Home / Gaming ↓ / Nintendo DS / Professor Layton Impressions (DS)

 

layton-boxart.jpgWhere Cherry was hypnotized by a mere e-mail, prompting her to research like a mad-woman, Professor Layton and the Curious Village has me in a trance as well. Five puzzles in to the 2D adventure and I am losing my mind, figuratively and literally.

The Studio Ghibli visual style blends with a Tim Burton’s The Nightmare Before Christmas influence absolutely perfectly. There are few visual combinations that could outshine this one. I’m crazy for it, and the difficult puzzles have me pulling my hair out. I’m losing it, and I love it.

But the visuals aren’t the star of Layton. In the 90 minutes I was able to spend with it up until now, the game has presented a number of things that have absolutely floored me. Even reading our own preview didn’t peak my interest, but after playing 20 or more puzzles, Layton is one of the greatest games on the DS. While it tries to have a story, and so far it works well enough, the stars of the game are the puzzles.

Each individual brain-teaser is unique, and bears no resemblance or pattern to any previous problem. Familiar grade-school problem solving, mathematics, differentiation and mind-boggling time consumers are only a few examples of the first batch of mini-games we’ve seen.

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Probably the best puzzle yet… Serious fun.

And that’s really what Layton is. It’s a bunch of Brain Ageesque mini-games stuck in between boxes of text. What this title does right, though, is making you feel like a damned genius. The solving of the simplest puzzles will have you applying for Havard in your high. What really makes you feel good though, are the big puzzles. Earning a mysterious form of funny money (Picarats, of which the worth decreases as you fail) for every puzzle, Professor Layton and his apprentice Luke will put up with puzzles worth 10 or 20 mystery-dollars for a short while until the 50 pointers start coming along.

The first puzzle that stumped me had my kitchen table littered with notes, pens and two digital clocks as I began to decipher how many times three numbers came one after another in a day. 2:22, 3:33 etc… No, I’m not giving you a hint. It’ll just feel that much more gratifying when you nail the number down yourself. Even if you need to spend coins to get hints, you’ll feel great as you solve each mind-stumper and learn more about the incredible cast of quirky villagers.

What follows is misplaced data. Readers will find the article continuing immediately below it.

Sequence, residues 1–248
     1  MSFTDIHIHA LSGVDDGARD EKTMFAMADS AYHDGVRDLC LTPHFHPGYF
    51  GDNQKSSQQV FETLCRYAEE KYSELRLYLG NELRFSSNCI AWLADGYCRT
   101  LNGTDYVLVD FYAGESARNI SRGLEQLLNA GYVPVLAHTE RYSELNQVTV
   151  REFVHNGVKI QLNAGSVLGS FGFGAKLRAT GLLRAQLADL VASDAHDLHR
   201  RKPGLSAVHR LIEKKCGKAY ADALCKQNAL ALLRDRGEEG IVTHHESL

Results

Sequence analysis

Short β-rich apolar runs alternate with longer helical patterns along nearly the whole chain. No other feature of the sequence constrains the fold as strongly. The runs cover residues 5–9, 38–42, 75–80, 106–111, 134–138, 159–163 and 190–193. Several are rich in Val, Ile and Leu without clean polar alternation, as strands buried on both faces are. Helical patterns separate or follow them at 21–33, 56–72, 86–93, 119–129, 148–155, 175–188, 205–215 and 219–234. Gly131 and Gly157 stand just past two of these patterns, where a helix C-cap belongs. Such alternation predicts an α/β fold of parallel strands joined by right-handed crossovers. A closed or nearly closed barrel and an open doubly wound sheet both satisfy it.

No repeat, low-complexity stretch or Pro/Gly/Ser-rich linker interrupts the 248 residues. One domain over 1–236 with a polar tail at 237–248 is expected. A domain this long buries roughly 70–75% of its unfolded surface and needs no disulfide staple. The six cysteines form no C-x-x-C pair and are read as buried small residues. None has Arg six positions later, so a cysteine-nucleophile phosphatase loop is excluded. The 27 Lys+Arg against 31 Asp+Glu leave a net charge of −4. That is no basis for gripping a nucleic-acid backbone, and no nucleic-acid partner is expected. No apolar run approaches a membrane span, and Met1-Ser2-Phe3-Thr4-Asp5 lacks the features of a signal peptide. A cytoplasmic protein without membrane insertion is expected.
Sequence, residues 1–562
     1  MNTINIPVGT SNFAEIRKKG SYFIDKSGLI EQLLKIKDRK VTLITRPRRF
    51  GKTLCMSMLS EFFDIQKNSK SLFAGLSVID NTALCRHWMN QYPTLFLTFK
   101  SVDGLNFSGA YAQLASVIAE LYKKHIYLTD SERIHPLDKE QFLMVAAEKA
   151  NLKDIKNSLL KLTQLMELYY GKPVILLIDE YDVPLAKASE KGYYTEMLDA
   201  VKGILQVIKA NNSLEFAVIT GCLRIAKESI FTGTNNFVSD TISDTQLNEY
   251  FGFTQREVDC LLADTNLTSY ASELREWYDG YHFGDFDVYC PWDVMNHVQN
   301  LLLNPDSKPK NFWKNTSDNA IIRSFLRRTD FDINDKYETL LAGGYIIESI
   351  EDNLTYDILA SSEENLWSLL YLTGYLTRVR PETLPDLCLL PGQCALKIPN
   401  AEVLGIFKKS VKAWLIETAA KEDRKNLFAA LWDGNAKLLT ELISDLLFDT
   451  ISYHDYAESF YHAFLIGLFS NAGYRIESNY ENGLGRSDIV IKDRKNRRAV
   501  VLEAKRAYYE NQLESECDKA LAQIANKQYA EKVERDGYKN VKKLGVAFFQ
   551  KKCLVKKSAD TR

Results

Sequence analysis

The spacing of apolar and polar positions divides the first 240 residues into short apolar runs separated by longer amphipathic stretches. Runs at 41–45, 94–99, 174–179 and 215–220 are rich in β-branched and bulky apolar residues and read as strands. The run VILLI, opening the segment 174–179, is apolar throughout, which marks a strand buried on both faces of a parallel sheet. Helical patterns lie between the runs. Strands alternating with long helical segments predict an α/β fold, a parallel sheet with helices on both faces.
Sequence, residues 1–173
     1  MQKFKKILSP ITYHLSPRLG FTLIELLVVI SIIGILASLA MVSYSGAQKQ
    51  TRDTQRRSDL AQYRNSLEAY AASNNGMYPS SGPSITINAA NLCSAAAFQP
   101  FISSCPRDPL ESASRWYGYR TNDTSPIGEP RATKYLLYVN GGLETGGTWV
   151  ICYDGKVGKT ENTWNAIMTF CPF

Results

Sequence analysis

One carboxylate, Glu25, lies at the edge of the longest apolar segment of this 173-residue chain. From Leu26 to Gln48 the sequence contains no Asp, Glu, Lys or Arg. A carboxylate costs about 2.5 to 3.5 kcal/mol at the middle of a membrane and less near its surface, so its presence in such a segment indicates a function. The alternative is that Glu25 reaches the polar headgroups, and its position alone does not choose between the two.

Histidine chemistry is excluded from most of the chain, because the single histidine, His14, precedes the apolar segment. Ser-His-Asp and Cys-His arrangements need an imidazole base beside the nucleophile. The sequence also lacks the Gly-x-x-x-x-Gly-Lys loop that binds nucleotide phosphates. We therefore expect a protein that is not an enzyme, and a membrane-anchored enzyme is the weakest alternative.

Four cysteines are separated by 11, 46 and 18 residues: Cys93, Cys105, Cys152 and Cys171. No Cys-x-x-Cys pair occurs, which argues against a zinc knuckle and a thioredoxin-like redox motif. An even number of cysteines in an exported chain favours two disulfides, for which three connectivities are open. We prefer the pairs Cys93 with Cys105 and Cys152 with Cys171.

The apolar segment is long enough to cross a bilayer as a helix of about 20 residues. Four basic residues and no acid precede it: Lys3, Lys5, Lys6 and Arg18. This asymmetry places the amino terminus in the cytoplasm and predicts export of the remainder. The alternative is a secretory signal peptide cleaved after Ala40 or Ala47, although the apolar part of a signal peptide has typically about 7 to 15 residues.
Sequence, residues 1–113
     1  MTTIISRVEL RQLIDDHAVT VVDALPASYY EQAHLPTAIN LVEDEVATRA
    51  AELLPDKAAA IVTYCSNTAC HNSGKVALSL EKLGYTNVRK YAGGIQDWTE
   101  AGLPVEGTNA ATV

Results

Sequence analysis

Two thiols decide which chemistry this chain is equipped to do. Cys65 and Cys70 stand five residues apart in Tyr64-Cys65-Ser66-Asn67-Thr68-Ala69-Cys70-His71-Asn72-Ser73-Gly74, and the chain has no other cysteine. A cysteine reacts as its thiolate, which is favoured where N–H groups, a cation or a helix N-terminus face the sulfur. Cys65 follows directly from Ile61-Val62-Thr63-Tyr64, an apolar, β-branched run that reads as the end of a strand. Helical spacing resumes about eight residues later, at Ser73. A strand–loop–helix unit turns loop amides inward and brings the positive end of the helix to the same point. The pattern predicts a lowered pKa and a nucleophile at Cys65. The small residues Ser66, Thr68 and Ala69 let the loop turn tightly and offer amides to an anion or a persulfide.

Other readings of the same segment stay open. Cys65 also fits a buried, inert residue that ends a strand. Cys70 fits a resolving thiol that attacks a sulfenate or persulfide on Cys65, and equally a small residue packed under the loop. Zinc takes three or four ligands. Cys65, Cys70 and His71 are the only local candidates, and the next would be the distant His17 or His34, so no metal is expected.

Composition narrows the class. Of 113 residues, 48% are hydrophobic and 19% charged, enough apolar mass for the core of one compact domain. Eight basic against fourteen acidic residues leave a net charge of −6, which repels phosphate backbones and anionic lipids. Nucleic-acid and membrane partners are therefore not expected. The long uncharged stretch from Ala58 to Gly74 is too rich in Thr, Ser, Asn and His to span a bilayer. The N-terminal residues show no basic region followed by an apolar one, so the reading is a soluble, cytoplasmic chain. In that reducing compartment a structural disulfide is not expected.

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Β Try and solve this one – It’s simple.

Straight up: Professor Layton is awesome. It’s feeding my nerd fantasy of a detective story in tandem with puzzles. While I’m still confused as to why everyone and their cat (seriously) has a puzzle for Luke and Layton to solve, but I’m not complaining. There are at least 120 puzzles in the village alone, and considering its limited size, I think the game has a lot in store for gamers, and I mean outside of the 100 + puzzles and weekly downloadable content.

Check out Professor Layton and the Curious Village February 12th, or you can find it in in a couple of sneaky street breakin’ retailers today.

 

About the author: Mitchell Dyer

 

Mitchell Dyer is an Alberta, Canada-based Reviews and Previews Editor for Nukoda.com, as well as a freelance videogame word typer with Official Xbox Magazine and OXMOnline.com where he writes reviews, features and more nonsense.

 

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7 Comments

  1. Now that you’ve had more time to play the game, does your opinion of the story and puzzles hold up? It seems a lot of good games start out great but become repetitive midway through…

    Oh, and any word on a possible article about my petition for Assassin’s Creed on the PSP? Back in early Jan. Lloyd said he would try to get one of the editors to write a small article about it…any luck with that? He agreed that it couldn’t hurt to post about it.

  2. The story is actually pretty cool. I thought, initially, “A story, whatever, it’s text wrapped around brain-teasers”, but it’s actually a murder mystery. I’m about 6 hours in now and I’m stopping to do EVERY puzzle, looking for coins and other goodies like painting pieces or garbage trinkets just to complete my collection.

    I’m addicted.

  3. I haven’t had a chance to play, but my first question is how is the save system? And secondly, is the game easy to play in short bursts?

  4. I wish I hadn’t given up shopping for Lent! I haven’t had a chance to pick it up yet and I’m dying! There are ways around giving up shopping, I’ll figure something out, and I am REALLY glad to hear that it stood up to all the hype, including my own, lol πŸ™‚

  5. I am rearing up on puzzle #50 (which is story related – as far as I can tell the puzzles up in the hundreds are bonuses) and am still loving it. Some of the latter puzzles are difficult as a result of deliberately awful wording and I’m further delving in to insanity.

    Oh well. It’s fun.

  6. Got it, played it, LOVE IT! I think when I saved last night I had four or five hours of playtime on it and I only put it down because I was nodding off. I can’t wait to get out of work so I can play more!

  7. My mother bought her own copy. In 24 hours, she has surpassed me in to chapter 4.

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